Thursday, July 20, 2017
On Monday, students learned about predator-prey relationships and adaptations by dissecting owl pellets. Although owl pellets look just like poop, we learned that over time, owls have developed two stomachs called the proventriculus and the ventriculus. The owl pellets come from the ventriculus, where the owl stores the fur and bones that it can't digest. It then spits up these pellets for students like us to dissect! We found skulls, vertebrae, ribs, and more, and through careful observation, we figured out what animals our owls had for dinner!
On Tuesday, we had a visit from Patapsco State Park's Scales and Tales program. Mr. Aaron, pictured below, brought a hawk, an owl, a crow, and a vulture to our East Harbor campus. He talked about how all of the animals made their way to Patapsco's rehab and about the adaptations these birds have developed over time. The kids were surprised by how strong a vulture's wings are and were very curious about the owl's blind eye. They had a lot of questions for Mr. Aaron!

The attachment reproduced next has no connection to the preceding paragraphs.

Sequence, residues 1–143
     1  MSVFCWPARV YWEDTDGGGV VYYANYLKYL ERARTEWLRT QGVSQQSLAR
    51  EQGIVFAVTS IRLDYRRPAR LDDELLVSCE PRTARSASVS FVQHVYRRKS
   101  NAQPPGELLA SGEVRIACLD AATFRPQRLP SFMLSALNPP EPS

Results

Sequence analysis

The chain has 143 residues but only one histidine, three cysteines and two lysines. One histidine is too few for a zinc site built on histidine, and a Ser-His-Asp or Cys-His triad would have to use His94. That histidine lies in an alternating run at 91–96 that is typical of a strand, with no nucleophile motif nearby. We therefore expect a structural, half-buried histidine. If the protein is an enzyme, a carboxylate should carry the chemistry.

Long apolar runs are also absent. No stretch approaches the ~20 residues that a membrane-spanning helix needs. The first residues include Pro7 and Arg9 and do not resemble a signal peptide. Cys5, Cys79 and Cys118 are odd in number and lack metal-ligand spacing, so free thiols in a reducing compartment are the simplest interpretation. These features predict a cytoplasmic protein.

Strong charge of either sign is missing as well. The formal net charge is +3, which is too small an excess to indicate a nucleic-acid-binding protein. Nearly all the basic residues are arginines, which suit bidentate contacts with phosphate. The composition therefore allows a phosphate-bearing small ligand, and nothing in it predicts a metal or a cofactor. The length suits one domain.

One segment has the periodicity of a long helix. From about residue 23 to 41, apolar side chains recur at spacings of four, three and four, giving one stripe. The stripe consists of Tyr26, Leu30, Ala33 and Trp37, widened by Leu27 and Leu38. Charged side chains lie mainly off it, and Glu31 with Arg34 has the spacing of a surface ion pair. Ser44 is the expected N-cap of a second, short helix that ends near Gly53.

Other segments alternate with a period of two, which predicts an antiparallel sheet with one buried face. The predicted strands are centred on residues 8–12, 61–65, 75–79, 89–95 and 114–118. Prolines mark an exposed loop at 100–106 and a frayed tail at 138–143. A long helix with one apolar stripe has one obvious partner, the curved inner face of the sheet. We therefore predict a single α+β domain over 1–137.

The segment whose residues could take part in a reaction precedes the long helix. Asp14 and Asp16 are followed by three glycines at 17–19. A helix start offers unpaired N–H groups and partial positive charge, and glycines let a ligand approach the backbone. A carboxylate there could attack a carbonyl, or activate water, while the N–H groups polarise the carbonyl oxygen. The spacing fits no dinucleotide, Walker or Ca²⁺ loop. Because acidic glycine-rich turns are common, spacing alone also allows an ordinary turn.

On Wednesday, class was all about eggs, eggs, eggs! We learned about the difference between cage, barn, and free-range chickens by watching a video from Australia. Then, we did experiments on eggs. We did the float or sink test to see if the eggs from our chicken coop were old or new, and then we did a spin test to see if I secretly hard boiled them or not. Finally, we dyed the eggs using water, food coloring, and vinegar. We got to connect what we learned in cooking class about MyPlate to our experiments by talking about how eggs are a good source of protein, and then we put our learning to a very yummy taste test.
On Thursday, we went to the National Museum of Natural History in Washington, D.C., where we saw not only birds, but also extinct animals, gems, mummies, and insects.
And as always, our campus was full of geese all week!